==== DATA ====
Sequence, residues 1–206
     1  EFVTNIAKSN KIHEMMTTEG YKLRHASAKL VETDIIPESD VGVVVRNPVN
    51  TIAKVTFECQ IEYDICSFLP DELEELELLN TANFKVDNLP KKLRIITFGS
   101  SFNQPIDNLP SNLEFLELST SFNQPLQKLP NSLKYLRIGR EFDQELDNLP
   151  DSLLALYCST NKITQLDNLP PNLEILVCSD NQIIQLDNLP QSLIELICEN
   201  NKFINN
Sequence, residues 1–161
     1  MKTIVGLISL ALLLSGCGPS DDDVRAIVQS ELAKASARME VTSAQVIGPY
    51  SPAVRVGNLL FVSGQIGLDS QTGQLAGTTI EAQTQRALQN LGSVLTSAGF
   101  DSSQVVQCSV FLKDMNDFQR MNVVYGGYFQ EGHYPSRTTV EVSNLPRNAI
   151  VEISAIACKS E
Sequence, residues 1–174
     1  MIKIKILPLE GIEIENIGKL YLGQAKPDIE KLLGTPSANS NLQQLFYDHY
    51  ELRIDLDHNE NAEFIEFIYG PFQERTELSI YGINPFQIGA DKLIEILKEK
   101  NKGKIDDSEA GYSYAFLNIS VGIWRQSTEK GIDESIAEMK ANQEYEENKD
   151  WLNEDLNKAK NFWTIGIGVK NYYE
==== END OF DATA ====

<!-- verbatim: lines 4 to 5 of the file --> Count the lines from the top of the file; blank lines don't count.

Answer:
   101  SFNQPIDNLP SNLEFLELST SFNQPLQKLP NSLKYLRIGR EFDQELDNLP
   151  DSLLALYCST NKITQLDNLP PNLEILVCSD NQIIQLDNLP QSLIELICEN